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Hydrochloride

In chemistry, a hydrochloride is an acid salt resulting, or regarded as resulting, from the reaction of hydrochloric acid with an organic base (e.g. an amine).

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Hyperhidrosis

Hyperhidrosis is a condition characterized by abnormally increased sweating, in excess of that required for regulation of body temperature.

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Hypotension

Hypotension is low blood pressure, especially in the arteries of the systemic circulation.

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Intracavernous injection

An intracavernous (or intracavernosal, intradicular) injection is an injection into the base of the penis.

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Intramuscular injection

Intramuscular (also IM or im) injection is the injection of a substance directly into muscle.

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Intravenous therapy

Intravenous therapy (IV) is a therapy that delivers liquid substances directly into a vein (intra- + ven- + -ous).

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Jaundice

Jaundice, also known as icterus, is a yellowish or greenish pigmentation of the skin and whites of the eyes due to high bilirubin levels.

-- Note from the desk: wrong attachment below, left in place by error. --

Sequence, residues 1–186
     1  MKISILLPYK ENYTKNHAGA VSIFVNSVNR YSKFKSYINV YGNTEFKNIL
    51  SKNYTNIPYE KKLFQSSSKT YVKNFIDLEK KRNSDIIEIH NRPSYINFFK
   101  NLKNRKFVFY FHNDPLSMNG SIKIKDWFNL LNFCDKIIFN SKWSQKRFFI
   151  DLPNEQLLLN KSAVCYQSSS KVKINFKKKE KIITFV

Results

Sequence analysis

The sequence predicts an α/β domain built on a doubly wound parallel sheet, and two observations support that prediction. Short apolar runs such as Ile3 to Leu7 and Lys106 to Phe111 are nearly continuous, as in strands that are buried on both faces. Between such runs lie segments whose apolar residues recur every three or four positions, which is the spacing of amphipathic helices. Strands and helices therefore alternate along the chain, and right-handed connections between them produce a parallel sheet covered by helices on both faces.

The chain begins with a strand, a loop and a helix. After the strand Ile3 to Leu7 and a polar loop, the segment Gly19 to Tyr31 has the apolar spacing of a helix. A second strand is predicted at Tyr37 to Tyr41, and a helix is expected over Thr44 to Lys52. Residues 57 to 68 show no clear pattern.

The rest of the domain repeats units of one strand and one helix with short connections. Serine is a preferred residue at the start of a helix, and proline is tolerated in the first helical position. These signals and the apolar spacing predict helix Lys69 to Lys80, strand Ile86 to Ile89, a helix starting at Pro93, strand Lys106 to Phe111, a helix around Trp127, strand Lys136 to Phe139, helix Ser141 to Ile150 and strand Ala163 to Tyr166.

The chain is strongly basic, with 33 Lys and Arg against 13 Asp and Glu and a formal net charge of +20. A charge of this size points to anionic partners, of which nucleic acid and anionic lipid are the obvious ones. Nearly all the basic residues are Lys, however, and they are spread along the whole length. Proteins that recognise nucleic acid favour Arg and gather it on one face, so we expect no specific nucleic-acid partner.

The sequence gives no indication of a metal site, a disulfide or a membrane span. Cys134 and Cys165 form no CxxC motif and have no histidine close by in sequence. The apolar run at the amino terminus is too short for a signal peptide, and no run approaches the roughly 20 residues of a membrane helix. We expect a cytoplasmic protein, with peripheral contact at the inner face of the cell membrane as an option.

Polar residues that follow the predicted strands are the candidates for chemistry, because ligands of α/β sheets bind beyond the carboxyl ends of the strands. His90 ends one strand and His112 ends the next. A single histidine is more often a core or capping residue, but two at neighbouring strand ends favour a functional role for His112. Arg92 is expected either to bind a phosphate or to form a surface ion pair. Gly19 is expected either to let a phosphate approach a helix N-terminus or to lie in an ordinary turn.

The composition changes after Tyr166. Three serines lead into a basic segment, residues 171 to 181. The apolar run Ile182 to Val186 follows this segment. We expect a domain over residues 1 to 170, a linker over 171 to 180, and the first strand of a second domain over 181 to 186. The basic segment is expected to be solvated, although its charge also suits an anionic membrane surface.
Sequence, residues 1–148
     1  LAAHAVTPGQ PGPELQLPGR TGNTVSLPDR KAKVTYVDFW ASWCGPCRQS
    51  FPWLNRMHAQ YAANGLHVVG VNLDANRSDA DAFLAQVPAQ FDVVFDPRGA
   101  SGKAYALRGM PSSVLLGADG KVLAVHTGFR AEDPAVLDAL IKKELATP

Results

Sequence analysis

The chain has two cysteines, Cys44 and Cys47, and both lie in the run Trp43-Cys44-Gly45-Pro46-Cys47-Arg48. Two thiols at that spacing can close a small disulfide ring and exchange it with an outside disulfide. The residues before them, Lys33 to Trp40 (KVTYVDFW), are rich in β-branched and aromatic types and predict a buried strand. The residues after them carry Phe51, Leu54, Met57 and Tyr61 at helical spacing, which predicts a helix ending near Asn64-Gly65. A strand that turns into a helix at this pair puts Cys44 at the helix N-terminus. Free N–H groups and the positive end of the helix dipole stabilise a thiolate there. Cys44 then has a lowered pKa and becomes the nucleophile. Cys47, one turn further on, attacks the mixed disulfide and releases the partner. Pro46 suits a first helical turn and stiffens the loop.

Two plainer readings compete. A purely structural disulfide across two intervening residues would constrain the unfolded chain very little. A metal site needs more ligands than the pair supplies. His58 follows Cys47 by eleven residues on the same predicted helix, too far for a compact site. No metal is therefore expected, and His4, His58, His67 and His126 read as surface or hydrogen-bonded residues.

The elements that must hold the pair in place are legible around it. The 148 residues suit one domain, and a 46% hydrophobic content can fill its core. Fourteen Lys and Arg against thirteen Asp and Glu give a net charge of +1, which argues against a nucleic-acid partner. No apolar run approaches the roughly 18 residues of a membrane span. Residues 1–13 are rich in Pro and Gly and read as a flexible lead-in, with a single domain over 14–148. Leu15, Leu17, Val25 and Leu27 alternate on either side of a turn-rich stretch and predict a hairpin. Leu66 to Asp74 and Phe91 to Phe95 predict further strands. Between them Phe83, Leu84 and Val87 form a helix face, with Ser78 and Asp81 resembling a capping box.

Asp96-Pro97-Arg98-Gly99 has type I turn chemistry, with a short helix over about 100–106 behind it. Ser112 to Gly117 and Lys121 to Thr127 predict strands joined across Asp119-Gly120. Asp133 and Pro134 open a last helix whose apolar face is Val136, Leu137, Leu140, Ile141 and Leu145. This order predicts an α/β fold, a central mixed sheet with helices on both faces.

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Justus von Liebig

Justus Freiherr von Liebig (12 May 1803 – 18 April 1873) was a German chemist who made major contributions to agricultural and biological chemistry, and was considered the founder of organic chemistry.

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Kidney

The kidneys are two bean-shaped organs present in left and right sides of the body in vertebrates.

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Latin

Latin (Latin: lingua latīna) is a classical language belonging to the Italic branch of the Indo-European languages.

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Liver

The liver, an organ only found in vertebrates, detoxifies various metabolites, synthesizes proteins, and produces biochemicals necessary for digestion.

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Merck Group

Merck KGaA, branded and commonly known as Merck, is a German multinational pharmaceutical, chemical and life sciences company headquartered in Darmstadt, with around 50,000 employees in around 70 countries.

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Mesenteric ischemia

Mesenteric ischemia is a medical condition in which injury of the small intestine occurs due to not enough blood supply.

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Methylhomatropine

Homatropine methylbromide or methylhomatropine bromide is a quaternary ammonium salt of methylhomatropine.

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Microsurgery

Microsurgery is a general term for surgery requiring an operating microscope.

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Migraine